Clubbing provisions under income tax

Last Updated: Thu, Feb 19, 2009 07:28 hrs

My NRI son wants to give a gift of Rs 20 lakh to his mother who is housewife. She wants to put this money in FD. Will the interest be clubbed with my income for tax purposes?

--- Dev Mahajan

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Your wife's income from the fixed deposit would have been clubbed (included in your income) for tax purposes if you had given her the gift.

But in this case, it is your son who is giving her the gift and hence clubbing provisions will not be attracted.

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What are the main pros & cons of a NRI based in London acquiring dual (UK & Indian) citizenship from the point of view of taxation and acquiring/selling flats belonging to the NRI in India?

--- PSGohil

When one acquires dual citizenship, it essentially means that such person is giving up exclusive Indian citizenship. Consequently, such person transitions into a PIO (Person of Indian Origin) from being an NRI (Non Resident Indian). As far as India based tax is concerned, there is no difference in the tax incidence on both NRIs and PIOs. As far as selling flats is concerned, note that a PIO cannot sell property to another NRI or PIO, he has to necessarily sell to an NRI only.

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My husband is retiring from his Central Govt job soon. Out of the terminal benefits that he will get, he wants to gift a certain amount to my son, who, at present, is doing his MS in the US. Can I put that cheque into joint account of myself and my son and then put it in a fixed deposit in his name and instruct the bank to deposit the interest into the joint account. Will such a structure circumvent any clubbing provisions for income tax purpose? Kindly advice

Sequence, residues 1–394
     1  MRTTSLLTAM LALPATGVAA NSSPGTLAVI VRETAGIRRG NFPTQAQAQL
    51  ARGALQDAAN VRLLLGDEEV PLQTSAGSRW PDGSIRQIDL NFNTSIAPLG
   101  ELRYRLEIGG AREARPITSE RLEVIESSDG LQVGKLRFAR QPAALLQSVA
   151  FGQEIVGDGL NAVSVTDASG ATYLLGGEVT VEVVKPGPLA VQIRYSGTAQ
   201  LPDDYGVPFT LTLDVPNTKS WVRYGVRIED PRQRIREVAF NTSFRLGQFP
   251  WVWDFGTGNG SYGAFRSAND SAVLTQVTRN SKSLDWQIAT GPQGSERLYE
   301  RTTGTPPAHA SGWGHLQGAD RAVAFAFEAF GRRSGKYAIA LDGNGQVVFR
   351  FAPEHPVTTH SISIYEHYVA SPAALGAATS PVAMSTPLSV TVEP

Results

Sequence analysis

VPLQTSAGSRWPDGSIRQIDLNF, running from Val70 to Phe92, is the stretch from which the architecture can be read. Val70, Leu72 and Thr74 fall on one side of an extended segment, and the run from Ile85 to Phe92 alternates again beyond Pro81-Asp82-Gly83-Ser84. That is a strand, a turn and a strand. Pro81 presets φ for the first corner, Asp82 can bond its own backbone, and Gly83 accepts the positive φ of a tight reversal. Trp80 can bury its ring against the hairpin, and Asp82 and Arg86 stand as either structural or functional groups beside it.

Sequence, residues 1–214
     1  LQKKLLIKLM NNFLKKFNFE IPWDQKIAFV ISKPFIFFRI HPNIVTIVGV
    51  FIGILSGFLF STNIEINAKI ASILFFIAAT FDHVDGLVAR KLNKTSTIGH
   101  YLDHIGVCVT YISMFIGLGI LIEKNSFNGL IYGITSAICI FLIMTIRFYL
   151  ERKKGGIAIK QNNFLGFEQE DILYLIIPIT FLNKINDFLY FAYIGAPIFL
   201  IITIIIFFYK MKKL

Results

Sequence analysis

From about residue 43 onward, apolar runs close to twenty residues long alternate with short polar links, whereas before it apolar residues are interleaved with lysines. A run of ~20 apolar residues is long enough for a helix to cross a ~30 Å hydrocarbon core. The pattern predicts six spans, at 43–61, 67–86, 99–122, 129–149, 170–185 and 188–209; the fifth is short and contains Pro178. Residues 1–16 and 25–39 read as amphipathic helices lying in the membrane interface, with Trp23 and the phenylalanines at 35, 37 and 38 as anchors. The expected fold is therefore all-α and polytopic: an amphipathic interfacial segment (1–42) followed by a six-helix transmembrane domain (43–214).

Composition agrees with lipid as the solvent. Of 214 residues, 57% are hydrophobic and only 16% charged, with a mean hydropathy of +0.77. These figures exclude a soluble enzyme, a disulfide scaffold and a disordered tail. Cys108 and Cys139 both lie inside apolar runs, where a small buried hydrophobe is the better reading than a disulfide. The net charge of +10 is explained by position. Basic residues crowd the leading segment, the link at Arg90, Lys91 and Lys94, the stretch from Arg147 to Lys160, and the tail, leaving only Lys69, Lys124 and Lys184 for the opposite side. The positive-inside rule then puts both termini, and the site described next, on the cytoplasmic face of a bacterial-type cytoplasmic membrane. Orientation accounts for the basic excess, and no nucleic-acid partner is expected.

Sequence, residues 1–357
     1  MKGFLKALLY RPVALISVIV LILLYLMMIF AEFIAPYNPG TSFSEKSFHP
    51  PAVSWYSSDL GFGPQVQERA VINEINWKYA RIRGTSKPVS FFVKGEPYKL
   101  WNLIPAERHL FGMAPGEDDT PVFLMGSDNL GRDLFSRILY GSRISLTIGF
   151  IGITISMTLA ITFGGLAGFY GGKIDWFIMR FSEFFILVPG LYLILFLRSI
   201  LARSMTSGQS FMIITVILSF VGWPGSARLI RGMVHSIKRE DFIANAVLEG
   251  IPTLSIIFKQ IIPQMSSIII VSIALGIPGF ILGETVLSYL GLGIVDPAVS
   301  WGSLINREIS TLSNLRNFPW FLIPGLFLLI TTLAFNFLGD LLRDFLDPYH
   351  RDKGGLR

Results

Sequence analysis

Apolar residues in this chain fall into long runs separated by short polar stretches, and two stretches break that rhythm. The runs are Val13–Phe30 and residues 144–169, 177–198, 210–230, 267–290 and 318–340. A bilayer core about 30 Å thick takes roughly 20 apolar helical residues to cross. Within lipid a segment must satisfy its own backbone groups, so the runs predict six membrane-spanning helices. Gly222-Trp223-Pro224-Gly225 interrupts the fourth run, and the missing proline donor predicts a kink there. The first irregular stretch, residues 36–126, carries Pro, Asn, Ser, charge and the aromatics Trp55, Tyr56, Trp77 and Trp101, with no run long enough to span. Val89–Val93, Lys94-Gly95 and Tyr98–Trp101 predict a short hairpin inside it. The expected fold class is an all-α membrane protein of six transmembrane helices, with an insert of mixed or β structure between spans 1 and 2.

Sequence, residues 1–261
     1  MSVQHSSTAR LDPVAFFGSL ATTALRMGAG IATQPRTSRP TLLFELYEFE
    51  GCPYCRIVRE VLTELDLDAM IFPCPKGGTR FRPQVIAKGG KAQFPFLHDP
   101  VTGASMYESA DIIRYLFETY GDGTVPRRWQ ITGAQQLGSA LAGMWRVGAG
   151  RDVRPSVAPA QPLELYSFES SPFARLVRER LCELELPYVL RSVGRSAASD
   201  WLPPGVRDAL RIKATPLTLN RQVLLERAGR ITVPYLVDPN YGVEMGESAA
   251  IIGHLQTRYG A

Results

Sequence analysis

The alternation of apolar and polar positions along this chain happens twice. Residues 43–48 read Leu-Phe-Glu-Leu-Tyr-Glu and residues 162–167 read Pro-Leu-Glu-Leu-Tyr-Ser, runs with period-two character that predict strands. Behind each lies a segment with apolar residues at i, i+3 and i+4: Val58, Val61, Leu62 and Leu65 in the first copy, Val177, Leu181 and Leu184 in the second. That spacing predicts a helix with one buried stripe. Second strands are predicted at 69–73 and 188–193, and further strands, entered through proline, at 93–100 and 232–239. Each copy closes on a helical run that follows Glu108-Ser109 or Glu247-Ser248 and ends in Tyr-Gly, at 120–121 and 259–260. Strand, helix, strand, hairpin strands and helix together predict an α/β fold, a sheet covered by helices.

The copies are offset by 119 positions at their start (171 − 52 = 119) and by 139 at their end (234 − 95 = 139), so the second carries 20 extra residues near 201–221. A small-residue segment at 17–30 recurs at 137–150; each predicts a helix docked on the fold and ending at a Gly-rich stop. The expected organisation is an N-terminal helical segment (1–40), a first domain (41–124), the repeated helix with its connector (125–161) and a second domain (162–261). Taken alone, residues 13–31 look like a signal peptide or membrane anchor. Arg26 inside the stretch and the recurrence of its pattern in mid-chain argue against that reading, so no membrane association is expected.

--- vijayalakshmi

Since your son is studying abroad, he will be an NRI as per FEMA. It would be advisable to open an NRO account in his name with you as a second / joint holder. An FD may be purchased in his name by debiting such NRO account. As you have yourself pointed out, the interest from this FD may be credited to this NRO account.

This way, the transaction would be considered as a gift from your husband to his son and thus escape clubbing provisions. This is of course assuming your son is above 18 years of age and not a minor.

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